In 2016, Infosys first invested in ideaForge to focus on unmanned aerial vehicles or UAV (drone) solutions.

Five years later, in 2021, Infosys made another investment of US$1 million or 72 m in ideaForge.

This year in April, ideaForge raised an additional $20 million in a Series B funding round in which Infosys also participated.

The drone startup continues to benefit from its growth prospects as its order book is strong. Recently, it overtook competition Tata and Israeli defense contractors Aerospace Industries and Elbit to receive a big order from the Indian Army.

According to the company, one of ideaForge’s drones takes off every six minutes, serving either the defense and security establishment or commercial users like oil companies, Indian Railways or conglomerates like Adani and L&T.

If the company goes public in the future, Infosys can hit the jackpot as it has a stake of more than 20% in ideaForge.

#2 Digital Marketing Startup – Oddity

Oddity, based in Germany, is a digital marketing company, comprising digital-first brand management and communication, in-house production including virtual and augmented reality, experience design and e-commerce services at across Europe and China.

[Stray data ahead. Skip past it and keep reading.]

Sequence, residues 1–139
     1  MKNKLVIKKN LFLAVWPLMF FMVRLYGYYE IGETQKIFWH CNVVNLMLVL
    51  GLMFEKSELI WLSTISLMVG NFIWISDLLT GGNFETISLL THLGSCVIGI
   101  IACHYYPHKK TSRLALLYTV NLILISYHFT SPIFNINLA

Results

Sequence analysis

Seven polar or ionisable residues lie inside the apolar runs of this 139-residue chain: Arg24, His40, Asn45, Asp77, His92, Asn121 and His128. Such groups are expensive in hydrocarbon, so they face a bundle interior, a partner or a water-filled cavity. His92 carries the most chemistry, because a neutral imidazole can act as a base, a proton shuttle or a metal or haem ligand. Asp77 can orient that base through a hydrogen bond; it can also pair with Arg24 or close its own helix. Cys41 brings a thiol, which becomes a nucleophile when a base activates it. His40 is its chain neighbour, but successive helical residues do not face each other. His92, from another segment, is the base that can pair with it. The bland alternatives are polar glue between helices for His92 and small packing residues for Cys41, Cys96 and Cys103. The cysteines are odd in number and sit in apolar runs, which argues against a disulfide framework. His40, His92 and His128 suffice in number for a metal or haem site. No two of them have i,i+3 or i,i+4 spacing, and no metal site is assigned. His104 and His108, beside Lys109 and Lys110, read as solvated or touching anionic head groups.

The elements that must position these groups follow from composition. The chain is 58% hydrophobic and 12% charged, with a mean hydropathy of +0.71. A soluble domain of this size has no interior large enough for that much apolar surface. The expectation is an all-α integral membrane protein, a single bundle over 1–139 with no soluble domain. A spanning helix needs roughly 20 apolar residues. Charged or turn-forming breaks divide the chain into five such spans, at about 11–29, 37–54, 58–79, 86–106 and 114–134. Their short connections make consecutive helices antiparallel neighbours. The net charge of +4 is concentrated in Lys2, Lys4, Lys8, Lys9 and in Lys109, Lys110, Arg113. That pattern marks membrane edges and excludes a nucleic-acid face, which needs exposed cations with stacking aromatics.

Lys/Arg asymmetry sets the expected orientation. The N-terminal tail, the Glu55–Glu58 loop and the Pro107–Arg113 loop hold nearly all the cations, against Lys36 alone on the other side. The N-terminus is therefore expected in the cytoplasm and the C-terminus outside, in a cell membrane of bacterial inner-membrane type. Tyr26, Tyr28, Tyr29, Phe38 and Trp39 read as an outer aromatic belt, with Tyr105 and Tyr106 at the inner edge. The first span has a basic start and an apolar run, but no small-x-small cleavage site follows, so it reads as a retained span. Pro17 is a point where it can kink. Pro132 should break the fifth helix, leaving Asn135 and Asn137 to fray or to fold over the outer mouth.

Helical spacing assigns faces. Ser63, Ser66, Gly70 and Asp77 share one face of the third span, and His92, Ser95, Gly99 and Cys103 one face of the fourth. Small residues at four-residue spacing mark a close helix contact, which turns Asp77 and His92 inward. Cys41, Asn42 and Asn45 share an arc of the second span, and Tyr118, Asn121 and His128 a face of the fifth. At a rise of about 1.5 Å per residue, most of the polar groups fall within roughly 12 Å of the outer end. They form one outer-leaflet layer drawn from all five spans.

This year, Infosys completed the acquisition of Oddity. It will soon be integrated with Wongdoody, a similar digital agency acquired by Infosys in 2018.

The announcement of the acquisition was first made in March 2022 when Infosys agreed to pay $50 million or 3.8 billion in an all-cash transaction.

Think Metaverse when you think Oddity.

Indian IT companies are gearing up for a surge in demand for technology services for the metaverse. TCS, Infosys, HCL Tech and Wipro are piloting new initiatives, building proofs of concept and virtual labs to gear up for the metaverse.

Infosys hopes to use Oddity’s expertise in digital commerce services while asking Wongdoody to focus on marketing.

#3 Consulting in life sciences and technology start-ups – BASE Life Sciences

BASE Life Sciences offers management consulting services in the field of life sciences.

The Denmark-based startup focuses on cloud-driven digital platforms and data, to accelerate clinical trials and scale drug development. Collaborations with leading software technology vendors give it an edge.